Figure 1

The protein structures collected in HDAPD can be routinely updated through six PHP-MySQL templates designed namely (a), (b), (c), (d), (e), and (f). These templates are used for entering (a) disease and protein names; (b) disease and protein classification; (c) disease and PDB code; (d) protein names, UniProt and GO id; (e) protein name, UniProt id, GO id, gene name, NCBI id, and KEGG id; and (f) protein name, protein description, source, authors, resolution, and method.

Table 1 A comparison for database contents and searching functions provided by HDAPD with those provided by databases NCBI Entrez, EMBL, UniProt, and GHR

The searched results for two diseases and a disease-associated protein namely Lung cancer, Diabetes, and Tumor protein 53 by HDAPD and by all the four databases compared are shown in Table 2. This table contrasts the major difference between HDAPD and the other four databases compared in that all the diseases-associated proteins collected in the former are classified into different disease groups while no such classification is given in the latter. Therefore, the structure of a disease-associated protein can be more conveniently searched through HDAPD though more information on sequence, taxonomy, and genome are provided by the other databases (Table 2). Except those searched by UniProt, more structures of Lung cancer-associated proteins and Tumor protein 53 are searched by HDAPD than by NCBI Entrez and EMBL (Table 2). HDAPD also gives more protein structures for Tumor protein 53 than those given by both NCBI Entrez and EMBL (Table 2). However, more structures of Diabetes-associated proteins are searched by UniProt than by HDAPD (Table 2). Except HDAPD and UniProt, the GO-related information is indirectly provided by NCBI Entrez or unavailable in EMBL and GHR (Table 2). In general, UniProt does provide much more GO information than HDAPD since the latter only focused on protein structures while the former on all relevant protein sequences. This is also true between the number of literatures searched by HDAPD and those by both NCBI Entrez and EMBL (Table 2). However, more KEGG pathway information for both Lung cancer and Diabetes is provided by HDAPD than by all the other databases compared (Table 2).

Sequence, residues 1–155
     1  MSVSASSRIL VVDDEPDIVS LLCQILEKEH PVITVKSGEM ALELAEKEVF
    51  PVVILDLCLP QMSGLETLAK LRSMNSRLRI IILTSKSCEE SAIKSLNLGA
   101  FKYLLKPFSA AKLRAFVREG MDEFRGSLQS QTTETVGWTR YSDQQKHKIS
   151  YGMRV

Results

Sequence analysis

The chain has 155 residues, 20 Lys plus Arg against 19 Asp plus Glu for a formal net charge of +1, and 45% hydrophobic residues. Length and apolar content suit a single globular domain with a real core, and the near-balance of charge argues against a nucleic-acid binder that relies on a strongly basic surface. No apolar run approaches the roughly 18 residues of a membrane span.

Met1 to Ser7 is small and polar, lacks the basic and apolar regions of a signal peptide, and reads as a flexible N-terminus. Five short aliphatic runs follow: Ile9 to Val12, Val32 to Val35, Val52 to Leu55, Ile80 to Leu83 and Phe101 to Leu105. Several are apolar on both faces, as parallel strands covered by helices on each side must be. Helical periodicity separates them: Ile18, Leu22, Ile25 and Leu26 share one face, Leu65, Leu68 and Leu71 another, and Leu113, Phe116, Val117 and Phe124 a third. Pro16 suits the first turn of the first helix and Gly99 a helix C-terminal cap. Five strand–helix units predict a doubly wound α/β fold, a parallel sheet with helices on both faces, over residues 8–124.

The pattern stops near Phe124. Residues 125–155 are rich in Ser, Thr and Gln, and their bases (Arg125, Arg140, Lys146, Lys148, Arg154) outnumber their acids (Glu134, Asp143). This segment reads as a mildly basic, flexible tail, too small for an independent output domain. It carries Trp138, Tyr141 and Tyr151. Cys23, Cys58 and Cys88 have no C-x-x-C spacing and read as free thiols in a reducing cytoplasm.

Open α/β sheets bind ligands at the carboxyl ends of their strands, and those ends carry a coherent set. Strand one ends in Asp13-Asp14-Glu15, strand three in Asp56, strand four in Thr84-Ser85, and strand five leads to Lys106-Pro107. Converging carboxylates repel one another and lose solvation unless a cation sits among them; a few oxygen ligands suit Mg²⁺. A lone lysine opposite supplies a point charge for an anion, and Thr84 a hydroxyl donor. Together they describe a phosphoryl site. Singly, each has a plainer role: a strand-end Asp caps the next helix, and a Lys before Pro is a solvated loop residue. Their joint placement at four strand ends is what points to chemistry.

Table 2 The searched results for two diseases and a disease-associated protein namely Lung cancer, Diabetes, and Tumor protein 53 by HDAPD and NCBI Entrez, EMBL, UniProt, and GHR are compared.


In this work, we present a comprehensive web tool HDAPD for searching a variety of important information such as name, sequence, structure, ontological data, metabolic pathway data, and relevant literatures for some disease-associated protein structures collected in the database. Currently, the total number of diseases and disease-associated protein structures collected in the database are 454 and 11657, respectively. Moreover, the number of proteins collected by HDAPD with available GO ontological and KEGG metabolic pathway id's are 1086 and 1079, respectively. These numbers will be gradually increased in the future to reflect the new developments and advancements in the related fields since the HDAPD data content can be routinely updated through a PHP-MySQL web page built. The new database presented is useful for searching the structures for some disease-associated proteins that may play important roles in the disease developing process for performing the structure-based drug design to against the diseases.

Availability and Requirements

Project name: building a web tool for searching some disease-related protein structures

Project home page:, HDAPD can be freely assessed through the following URL:

Operating system: Windows XP

Programming language: Perl, PHP, and MySQL

License: None

Any restriction to use by academics: None


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This work is supported in part by a grant (NSC96-2628-B007-002-MY3) from the National Science Council, Taiwan, ROC.

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Correspondence to Thy-Hou Lin.

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Authors' contributions

YRL wrote most of the source codes for HDAPD, while HYW and TLT conducted the testing and THL wrote the manuscript. All the authors read and approved the final manuscript.

Yi-Ruen Lin, Hsin-Yuan Wei, Tsung-Lin Tsai and Thy-Hou Lin contributed equally to this work.

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Lin, Y., Wei, H., Tsai, T. et al. HDAPD: a web tool for searching the disease-associated protein structures. BMC Bioinformatics 11, 88 (2010).

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  • Gene Ontology
  • Protein List
  • Ontological Data
  • Protein Page
  • Genetic Home Reference